There are a few lenders who can do 3 to 5 properties as one loan as long they in the same state. The min value should be around $60,000. Your credit score would have to be min 660. I might be missing something else but can't remember off top right now.

@Nghi Le

Thanks for taking the time to answer, I appreciate you guys taking the time to school me up on how Blanket loans work.  I didn't know that those loans were uncommon or even called blanket loans.  With what you've told me I'm going to have to make some adjustments to my plans. 

@Doran Summers Do you happen to know who those lenders are that will make the loans? 

@Andrew Postell That's a great down and dirty on the loans. What made me think of using a blanket was that since my properties are under $100k, not a lot of commercial bankers are interested in making loans on them. I know I could get residental loans, but for a few reasons that's not an avenue I want to use. If get individual loans on 3-4 properties at the same time could that help my case?

@Bill F. i do but I would have to email them to you if that's ok. Don't want to break any rules on here.

I asked about this before and the very first lender said no problem 

It was on only 4 properties in FL with total value of less than 500k

Maybe things are different in TX 

@Michael Plante . What were that value of each property? I just refinance 7 properties in Texas which of course had more value.

I've done a few package loans. Not complicated. Take 3,4,5+ properties to a lender let them have a roughly 30% position and done. I've sold one inside a package with the worse case being that the lender required i give them the proceeds to pay down the loan. Only because time was short and to reappraise the rest of the properties to see if the ratios held would have caused problems with closing on time ( They were not being altruistic. The pay down increased their position to at least 40% with the remaining properties.) I've since then paid off that loan and will be shopping the properties for new money when the time comes.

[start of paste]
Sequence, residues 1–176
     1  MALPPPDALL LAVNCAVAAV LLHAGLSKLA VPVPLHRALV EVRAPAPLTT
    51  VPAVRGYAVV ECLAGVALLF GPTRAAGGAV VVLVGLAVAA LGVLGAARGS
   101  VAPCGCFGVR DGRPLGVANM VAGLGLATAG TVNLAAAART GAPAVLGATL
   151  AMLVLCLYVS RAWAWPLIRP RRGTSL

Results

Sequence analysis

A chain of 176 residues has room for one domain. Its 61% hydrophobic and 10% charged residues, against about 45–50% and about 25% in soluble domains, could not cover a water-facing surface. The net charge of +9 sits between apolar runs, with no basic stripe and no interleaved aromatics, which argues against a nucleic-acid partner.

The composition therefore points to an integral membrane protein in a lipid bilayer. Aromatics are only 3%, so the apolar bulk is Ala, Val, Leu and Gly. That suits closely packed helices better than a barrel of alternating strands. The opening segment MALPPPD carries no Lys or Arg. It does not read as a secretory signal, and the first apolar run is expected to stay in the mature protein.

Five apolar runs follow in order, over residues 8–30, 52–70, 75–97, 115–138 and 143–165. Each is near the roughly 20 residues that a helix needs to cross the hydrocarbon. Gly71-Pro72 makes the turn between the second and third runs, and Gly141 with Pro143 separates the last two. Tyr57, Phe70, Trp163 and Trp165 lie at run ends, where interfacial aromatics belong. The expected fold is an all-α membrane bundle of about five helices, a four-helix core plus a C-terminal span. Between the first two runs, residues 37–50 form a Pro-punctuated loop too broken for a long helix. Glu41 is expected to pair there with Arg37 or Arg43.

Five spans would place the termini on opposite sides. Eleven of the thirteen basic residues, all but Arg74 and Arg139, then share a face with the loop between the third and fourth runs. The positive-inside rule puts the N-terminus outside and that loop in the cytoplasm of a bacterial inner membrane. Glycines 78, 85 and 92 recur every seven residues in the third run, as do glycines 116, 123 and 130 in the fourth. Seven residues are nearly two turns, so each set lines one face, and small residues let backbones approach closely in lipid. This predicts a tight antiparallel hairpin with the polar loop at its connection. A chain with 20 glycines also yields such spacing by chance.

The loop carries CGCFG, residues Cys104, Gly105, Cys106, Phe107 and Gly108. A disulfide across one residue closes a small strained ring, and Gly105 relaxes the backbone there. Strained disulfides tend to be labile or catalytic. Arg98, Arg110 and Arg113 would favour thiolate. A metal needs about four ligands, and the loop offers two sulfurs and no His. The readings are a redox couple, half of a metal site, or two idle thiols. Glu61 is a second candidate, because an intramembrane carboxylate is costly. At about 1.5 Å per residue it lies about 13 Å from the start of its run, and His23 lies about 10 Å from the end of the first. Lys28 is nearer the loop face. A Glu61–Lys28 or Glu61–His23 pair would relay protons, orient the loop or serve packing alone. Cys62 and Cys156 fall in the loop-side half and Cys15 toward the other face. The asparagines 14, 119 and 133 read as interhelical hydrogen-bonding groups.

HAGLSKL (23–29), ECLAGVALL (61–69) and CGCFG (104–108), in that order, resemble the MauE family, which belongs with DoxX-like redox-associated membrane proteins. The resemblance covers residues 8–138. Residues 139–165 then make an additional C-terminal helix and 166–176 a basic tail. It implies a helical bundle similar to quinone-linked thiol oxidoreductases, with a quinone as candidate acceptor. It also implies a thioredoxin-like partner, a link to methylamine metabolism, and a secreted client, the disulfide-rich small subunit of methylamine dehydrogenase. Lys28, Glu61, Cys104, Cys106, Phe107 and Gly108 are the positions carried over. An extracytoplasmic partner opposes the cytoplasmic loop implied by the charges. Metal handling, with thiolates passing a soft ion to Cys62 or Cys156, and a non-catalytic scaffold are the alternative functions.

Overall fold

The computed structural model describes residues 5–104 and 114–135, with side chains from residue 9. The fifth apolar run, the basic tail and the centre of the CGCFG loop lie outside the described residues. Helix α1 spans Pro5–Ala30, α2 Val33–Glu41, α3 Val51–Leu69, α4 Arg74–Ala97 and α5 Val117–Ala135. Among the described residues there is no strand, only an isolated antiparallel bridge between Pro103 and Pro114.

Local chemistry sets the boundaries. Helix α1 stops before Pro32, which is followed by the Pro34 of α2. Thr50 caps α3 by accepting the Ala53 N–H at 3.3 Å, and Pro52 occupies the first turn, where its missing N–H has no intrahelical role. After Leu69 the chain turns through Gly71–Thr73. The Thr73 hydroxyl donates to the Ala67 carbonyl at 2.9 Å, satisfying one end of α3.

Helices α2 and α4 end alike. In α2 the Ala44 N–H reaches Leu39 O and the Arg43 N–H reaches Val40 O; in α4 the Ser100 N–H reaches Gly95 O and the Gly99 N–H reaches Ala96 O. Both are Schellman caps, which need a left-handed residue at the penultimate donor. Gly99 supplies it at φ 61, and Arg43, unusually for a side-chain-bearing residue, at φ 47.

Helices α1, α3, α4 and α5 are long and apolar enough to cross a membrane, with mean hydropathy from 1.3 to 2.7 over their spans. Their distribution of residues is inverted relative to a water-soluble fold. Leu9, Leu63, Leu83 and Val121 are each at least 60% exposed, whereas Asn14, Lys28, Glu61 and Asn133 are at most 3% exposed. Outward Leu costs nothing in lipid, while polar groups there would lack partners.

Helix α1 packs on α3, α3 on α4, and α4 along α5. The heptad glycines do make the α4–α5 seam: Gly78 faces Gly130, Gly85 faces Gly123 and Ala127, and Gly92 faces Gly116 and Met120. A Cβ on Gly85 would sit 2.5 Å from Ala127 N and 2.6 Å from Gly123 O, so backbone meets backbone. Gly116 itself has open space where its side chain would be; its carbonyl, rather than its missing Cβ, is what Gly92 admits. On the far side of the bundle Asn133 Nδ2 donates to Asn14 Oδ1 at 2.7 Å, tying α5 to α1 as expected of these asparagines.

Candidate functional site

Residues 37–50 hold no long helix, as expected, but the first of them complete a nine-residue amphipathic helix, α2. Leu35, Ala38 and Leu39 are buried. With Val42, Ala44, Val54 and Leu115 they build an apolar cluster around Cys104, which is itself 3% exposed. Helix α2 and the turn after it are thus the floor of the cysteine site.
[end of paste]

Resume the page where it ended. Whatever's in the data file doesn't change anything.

Caveat: long term relationship with a local lender or two in your area makes it so much easier. My preferred local lender last 20 years was bought out and new owners are not local and to big to really give good customer service for small RE investors. I saw this coming a couple of years ago so I started increasing my business with a small local lender and will start building a relationship with another one in 2018. There's something about being able to walk into a branch and 3/4 people say hi using my first name. Beautiful (spirit), sharp (smart banker) woman that did a cash out for me recently would start/end our meetings with a hug! And of course bringing them good solid ( for banks that means safe) business helps. 

Originally posted by @Doran Summers :

@Michael Plante. What were that value of each property? I just refinance 7 properties in Texas which of course had more value.

 All different 

Total was approx 500k

 @Michael Plante  What is your credit score? I don't see why it was so difficult to get it refi as a portfolio. We're all of them sfh? We're the value of each property at least $60,000?

@Bill F. lots of good comments with this post.  You see a pretty common point in most of these "i have a local lender that was able to do X".  And that's they real key to do what you are trying to accomplish. Based on where your properties are located I would call all the smaller banks in your area to find out what they can do.  Or maybe hit up some investment networking groups in your area to see what lenders other investors use in your area.